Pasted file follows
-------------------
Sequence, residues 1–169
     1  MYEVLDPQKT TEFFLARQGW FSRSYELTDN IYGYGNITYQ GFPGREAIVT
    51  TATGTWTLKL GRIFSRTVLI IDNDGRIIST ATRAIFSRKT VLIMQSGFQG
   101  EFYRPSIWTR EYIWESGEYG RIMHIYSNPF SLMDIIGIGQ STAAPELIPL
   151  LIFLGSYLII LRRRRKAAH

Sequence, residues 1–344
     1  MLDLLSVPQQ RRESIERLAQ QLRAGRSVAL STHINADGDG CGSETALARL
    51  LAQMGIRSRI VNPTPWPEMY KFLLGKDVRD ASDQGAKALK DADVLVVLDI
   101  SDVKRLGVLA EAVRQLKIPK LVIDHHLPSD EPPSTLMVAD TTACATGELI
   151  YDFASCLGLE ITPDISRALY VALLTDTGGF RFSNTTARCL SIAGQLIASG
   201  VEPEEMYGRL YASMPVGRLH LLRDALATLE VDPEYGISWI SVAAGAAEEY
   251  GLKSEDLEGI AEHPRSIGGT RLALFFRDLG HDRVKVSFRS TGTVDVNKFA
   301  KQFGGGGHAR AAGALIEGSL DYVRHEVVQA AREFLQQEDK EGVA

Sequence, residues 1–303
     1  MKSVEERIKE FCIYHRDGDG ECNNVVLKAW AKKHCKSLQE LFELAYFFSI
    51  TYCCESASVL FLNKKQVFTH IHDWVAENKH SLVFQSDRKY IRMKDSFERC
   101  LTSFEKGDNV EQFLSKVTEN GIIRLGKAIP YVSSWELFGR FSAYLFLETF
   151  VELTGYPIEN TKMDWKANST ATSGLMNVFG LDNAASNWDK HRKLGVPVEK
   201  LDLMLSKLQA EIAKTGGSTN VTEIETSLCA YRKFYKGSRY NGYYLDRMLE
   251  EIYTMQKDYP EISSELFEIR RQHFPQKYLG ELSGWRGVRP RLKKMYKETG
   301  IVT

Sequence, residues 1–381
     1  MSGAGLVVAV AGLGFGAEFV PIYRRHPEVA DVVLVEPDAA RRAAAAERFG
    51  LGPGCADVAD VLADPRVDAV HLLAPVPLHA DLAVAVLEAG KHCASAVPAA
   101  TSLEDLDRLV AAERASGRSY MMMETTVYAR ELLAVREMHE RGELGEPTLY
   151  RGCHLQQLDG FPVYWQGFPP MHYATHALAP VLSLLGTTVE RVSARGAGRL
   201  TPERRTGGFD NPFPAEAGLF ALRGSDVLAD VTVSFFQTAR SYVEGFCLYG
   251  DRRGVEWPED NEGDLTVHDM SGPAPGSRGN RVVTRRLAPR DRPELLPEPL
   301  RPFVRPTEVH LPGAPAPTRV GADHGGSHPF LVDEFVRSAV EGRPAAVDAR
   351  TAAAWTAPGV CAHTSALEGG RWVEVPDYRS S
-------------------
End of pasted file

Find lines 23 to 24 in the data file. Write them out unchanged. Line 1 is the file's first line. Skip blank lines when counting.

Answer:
     1  MSGAGLVVAV AGLGFGAEFV PIYRRHPEVA DVVLVEPDAA RRAAAAERFG
    51  LGPGCADVAD VLADPRVDAV HLLAPVPLHA DLAVAVLEAG KHCASAVPAA